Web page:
I decided to use the Outlaw Audio 1050 in my bedroom (a 70 Wpc receiver) as a baseline for comparison. It’s served me well for many years, but more importantly for this discussion, its size and weight seemed to be fairly representative of an average receiver:

  • Width: 17 3/16"
  • Height: 6 1/8"
  • Depth: 14 5/16"
  • Weight: 36.3 lbs

Sherwood R-904N NetBoxx

  • Width: 17" (1% narrower than baseline)
  • Height: 2 7/8" (53% shorter)
  • Depth: 12" (16% shallower)
  • Weight: 10.3 lbs (72% lighter)
  • Power: 100 Wpc × 7 channels
  • Price: About $440

This receiver is clearly the leader in size (or lack thereof). While not the narrowest or the lightest of the bunch—those honors would fall to the Yamaha—this one is the shortest (height) and shallowest (depth). Unfortunately, though, this receiver has some design drawbacks that might be deal breakers for some:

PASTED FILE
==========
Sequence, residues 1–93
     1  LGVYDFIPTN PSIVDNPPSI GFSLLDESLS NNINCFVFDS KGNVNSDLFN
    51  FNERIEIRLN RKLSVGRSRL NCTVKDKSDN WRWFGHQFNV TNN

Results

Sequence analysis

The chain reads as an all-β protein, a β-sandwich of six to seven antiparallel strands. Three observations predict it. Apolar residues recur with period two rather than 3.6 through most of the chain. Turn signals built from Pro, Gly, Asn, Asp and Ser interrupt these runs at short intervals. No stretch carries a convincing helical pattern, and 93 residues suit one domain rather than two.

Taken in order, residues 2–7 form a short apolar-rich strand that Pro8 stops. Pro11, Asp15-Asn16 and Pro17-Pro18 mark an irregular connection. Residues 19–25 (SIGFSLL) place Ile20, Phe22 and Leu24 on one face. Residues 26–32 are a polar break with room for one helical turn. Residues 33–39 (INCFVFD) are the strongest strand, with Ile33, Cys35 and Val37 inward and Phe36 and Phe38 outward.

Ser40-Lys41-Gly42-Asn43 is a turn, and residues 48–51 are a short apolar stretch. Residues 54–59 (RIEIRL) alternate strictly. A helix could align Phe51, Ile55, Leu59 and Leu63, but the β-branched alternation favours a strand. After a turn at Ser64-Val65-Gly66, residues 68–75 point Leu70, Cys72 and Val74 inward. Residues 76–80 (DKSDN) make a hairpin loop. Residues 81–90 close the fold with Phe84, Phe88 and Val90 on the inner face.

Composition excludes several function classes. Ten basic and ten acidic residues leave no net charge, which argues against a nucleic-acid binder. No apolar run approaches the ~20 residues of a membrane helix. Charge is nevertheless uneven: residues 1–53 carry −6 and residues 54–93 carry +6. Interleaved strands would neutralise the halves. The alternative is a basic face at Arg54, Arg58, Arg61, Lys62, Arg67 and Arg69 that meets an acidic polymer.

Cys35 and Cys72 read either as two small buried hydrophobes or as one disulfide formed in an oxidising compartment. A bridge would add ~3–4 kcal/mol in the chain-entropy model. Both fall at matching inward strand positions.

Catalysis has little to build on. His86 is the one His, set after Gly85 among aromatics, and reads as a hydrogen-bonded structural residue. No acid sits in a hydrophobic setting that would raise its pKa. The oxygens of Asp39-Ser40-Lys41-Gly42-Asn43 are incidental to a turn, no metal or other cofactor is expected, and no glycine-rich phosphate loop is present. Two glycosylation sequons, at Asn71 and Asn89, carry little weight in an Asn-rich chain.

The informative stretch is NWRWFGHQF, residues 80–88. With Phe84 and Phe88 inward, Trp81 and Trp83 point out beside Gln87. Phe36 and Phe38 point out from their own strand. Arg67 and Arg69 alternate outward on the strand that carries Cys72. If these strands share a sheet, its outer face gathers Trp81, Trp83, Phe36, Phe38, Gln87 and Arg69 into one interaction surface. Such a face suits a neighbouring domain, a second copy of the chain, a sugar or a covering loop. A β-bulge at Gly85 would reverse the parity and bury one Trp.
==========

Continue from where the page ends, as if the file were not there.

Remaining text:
The first complaint that I must mention is a styling issue related to the front display of the NetBoxx. The front of the unit is covered with very bright blue LEDs. During the day these LEDs are fairly innocuous; however placed in a dark room, they become extremely distracting. I don’t understand why Sherwood would put a dimmer option on the unit that only dims some of the LEDs. Because of this I would recommend placing the NetBoxx in a location out of sight, which is a shame as it’s otherwise an attractive unit. […]

Yamaha neoHD YMC-500

  • Width: 11 3/4" (32% narrower than baseline)
  • Height: 3 5/8" (41% shorter)
  • Depth: 12 3/8" (13% shallower)
  • Weight: 7.9 lbs (78% lighter)
  • Power: 35~50? Wpc × 5 channels (I had a hard time confirming the power output.)
  • Price: About $180

This is a pretty darn small receiver. It’s the narrowest (width) and lightest (weight) of the bunch, and even though the Sherwood beats it on height and depth, the Yamaha is only 3/4" taller and 3/8" deeper. This receiver also has the fewest front-panel buttons: 2 (volume knob & power button).